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Fossil discoveries rewrite human history
02 April 2020 | Story and photos Supplied. Read time 5 min.
An international team of researchers, including geologists from the University of Cape Town (UCT), has reconstructed – from more than 150 fragments – the earliest known skull of Homo erectus, the first of our ancestors to be nearly human-like in their anatomy and aspects of their behaviour. The two-million-year-old fossil was excavated in the Cradle of Humankind in South Africa over five years.
Published today in Science, the findings are part of an international research excavation in the fossil-rich Drimolen cave system north of Johannesburg.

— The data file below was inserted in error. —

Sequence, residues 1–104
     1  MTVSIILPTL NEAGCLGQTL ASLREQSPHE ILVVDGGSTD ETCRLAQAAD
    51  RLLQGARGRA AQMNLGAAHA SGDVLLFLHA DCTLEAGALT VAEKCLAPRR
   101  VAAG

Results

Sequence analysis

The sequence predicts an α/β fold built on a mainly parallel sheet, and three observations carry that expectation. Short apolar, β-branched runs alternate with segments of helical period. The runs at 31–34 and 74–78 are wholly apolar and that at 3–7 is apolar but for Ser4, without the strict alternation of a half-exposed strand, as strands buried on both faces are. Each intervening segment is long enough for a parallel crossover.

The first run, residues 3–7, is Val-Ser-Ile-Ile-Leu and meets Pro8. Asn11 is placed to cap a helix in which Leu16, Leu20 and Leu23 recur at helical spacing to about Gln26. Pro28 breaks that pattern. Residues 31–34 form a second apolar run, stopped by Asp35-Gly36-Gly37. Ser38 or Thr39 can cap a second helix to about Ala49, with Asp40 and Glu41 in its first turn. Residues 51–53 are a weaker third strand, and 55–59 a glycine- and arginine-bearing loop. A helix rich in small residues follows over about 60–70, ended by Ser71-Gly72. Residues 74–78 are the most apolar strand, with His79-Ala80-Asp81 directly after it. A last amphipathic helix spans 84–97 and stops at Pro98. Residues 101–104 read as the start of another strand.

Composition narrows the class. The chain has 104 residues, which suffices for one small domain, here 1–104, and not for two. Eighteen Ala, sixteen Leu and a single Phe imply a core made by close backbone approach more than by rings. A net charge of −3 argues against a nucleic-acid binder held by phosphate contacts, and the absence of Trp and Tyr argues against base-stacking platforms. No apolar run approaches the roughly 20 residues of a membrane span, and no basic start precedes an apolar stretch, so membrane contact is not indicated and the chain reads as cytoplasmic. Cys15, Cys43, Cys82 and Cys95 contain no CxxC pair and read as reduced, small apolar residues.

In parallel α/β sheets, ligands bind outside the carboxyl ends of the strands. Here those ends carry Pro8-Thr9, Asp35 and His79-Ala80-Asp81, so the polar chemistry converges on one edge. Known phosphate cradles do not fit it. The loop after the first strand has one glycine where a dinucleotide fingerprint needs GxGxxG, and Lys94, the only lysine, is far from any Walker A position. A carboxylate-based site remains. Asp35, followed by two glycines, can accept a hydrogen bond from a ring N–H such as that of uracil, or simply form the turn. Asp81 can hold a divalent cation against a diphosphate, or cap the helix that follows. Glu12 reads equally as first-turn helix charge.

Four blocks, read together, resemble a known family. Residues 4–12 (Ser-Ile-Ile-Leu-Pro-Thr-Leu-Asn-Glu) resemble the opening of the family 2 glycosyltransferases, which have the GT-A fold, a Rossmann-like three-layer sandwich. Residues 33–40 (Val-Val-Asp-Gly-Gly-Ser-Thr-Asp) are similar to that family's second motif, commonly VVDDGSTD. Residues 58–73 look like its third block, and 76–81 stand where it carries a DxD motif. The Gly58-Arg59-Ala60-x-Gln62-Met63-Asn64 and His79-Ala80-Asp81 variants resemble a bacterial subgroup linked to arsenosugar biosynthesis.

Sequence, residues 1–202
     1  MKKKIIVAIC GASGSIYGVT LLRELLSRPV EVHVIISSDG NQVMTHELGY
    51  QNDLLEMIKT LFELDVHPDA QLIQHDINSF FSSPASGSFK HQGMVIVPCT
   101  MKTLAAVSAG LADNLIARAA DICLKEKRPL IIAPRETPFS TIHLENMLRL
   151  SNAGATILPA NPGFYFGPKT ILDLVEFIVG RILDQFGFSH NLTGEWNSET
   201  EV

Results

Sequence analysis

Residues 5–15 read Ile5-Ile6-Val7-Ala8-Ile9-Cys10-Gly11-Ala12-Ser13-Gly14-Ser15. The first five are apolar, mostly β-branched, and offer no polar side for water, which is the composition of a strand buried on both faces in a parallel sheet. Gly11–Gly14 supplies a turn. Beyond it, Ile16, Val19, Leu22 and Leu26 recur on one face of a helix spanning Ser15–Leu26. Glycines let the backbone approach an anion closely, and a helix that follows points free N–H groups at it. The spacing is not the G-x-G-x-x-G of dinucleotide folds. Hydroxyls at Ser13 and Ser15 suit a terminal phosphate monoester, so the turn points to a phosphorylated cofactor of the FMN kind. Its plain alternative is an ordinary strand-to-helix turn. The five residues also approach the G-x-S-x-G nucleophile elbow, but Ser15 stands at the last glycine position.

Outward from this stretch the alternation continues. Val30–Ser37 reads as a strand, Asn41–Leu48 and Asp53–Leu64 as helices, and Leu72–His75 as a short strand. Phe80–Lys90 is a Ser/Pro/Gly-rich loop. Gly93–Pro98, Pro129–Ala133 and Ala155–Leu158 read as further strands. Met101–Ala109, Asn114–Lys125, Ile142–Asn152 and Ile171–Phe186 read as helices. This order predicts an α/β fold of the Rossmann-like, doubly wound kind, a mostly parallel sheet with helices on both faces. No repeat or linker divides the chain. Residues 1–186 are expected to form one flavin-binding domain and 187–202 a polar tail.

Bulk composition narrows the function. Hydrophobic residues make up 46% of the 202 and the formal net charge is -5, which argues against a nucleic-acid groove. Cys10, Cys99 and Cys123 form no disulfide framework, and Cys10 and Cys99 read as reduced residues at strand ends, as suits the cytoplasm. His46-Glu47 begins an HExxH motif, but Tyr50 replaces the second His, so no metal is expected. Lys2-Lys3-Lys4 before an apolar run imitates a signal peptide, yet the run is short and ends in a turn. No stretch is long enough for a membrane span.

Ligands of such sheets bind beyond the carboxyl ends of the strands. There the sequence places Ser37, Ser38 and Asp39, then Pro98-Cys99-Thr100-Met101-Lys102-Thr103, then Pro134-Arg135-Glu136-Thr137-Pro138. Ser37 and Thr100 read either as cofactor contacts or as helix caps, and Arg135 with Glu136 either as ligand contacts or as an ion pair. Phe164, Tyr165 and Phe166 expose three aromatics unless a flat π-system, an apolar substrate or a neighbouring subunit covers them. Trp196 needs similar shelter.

Dr Robyn Pickering, the director of the Human Evolution Research Institute at UCT, says the age of the skull (dubbed DNH134) shows that H. erectus lived 200 000 to 100 000 years earlier than previously thought.
“This is a very exciting discovery,” says Pickering. “We have struggled for decades to date the South African fossils. But now we have a range of suitable techniques, and it’s possible to push back the first appearance of our earliest ancestors in the Cradle.”
UCT postdoctoral research fellow, Dr Tara Edwards, was part of the geology and dating team who reconstructed how the fossils ended up in the cave and checked that the dating methods were accurate.
“By looking at small pieces of cave rock, also known as speleothem, under the microscope, we can tell that the layers we are dating are pristine and we can trust the ages they produce,” says Edwards.